Work Place Bullying

Bullying as we all know is a nasty form of intimidation, and as much as we discuss it as being prevalent in the play ground, it can be the same in the work domain. It is usually, though not always, done to someone in a less senior position, thus rendering the victim feeling exposed and vulnerable. It is similar to harassment, which in the workplace can take many forms. In the eyes of the law, harassment is defined as “unwanted conduct related to a relevant protected characteristic, which has the purpose or effect of violating an individual’s dignity or creating an intimidating, hostile, degrading, humiliating or offensive environment for that individual”.

Workplace bullying can be defined as offensive or insulting behaviour towards a colleague by an employee or group of employees, in some cases in front of colleagues. For example, making sexual comments, or abusing someone’s race, religion or sexual orientation. It is not possible to make a legal claim directly about bullying, but complaints can be made under laws covering discrimination and harassment. If you are forced to resign due to bullying you may be able to make a constructive dismissal claim under employment law, and in certain circumstances be entitled to leave without serving your notice period. The fundamental laws herewith are contained within the Employment Rights Act 1996.

Bullying includes abuse, physical or verbal violence, humiliation and undermining someone’s confidence. Note employers do have a ‘duty of care’ to their employees and this includes dealing with bullying at work, therefore there ought to be measures you can take if you are being bullied. Contact an employee representative like a trade union official or someone in the HR dept, or simply your line manager/supervisor/team leader. Note, I would advise all communication be in writing.

On occasion, employers will have specially trained staff to help with bullying and harassment problems. They are sometimes called ‘harassment advisers’ who may be able to help.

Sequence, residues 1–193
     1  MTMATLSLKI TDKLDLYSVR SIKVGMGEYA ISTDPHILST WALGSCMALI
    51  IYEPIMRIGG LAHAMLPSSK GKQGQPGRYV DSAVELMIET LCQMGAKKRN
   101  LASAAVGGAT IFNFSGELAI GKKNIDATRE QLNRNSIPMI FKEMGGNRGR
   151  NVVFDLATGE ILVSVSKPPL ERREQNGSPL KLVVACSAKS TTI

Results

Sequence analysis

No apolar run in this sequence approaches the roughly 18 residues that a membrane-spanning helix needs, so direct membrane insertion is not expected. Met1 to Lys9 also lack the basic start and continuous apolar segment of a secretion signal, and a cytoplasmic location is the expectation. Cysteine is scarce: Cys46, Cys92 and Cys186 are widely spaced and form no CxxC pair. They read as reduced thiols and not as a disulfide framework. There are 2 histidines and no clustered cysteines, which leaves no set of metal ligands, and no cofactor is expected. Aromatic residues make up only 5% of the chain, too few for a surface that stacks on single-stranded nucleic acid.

Very importantly, if the bullying is affecting your health, visit your doctor immediately.

With regards to procedure, it is advisable one take the following steps:

Address the bully directly:

The bullying may not be deliberate. If you can, talk to the person in question, who may not realise how their behaviour has been affecting you. Work out what to say beforehand. Describe what has been happening and why you object to it. Stay calm and be polite, and have witnesses. If you would rather not to talk to them yourself, ask someone else to do so for you. Follow up the the meet with an email/letter outlining again the reasons for your upset and request it stop immediately.

Keep a written record or diary of bullying at work:

Write down details of every incident and keep copies of any relevant documents.

Make a formal complaint of bullying at work:

Making a formal complaint is the next step if you cannot solve the problem informally. To do this you must follow your employer’s grievance procedure. In the unfortunate event, the bully is your manager, make the complaint in writing to him/her and ask that it is passed on to another manager to look into. If that does not happen, or indeed is not possible, make the complaint to the HR department. You have the right to be accompanied by a trade union representative or colleague to a disciplinary or grievance meeting. You can also reasonably postpone the hearing if your companion cannot make it. If you are dismissed for trying to exercise these rights or for requesting someone accompany you, it is automatically unfair.

Note:  the role of ACAS (Advisory, Conciliation and Arbitration Service) Code of Practice on disciplinary and grievance procedures. The Code sets out principles that you and your employer should follow to achieve a reasonable standard of behaviour in handling grievances.

Note:  if you think that making a complaint will cause further bullying or harassment, you do not need to follow normal grievance procedures. In cases like this, you are advised to seek urgent legal advice.


Written by Camilla Choudry, Legal Expert for Mojomums

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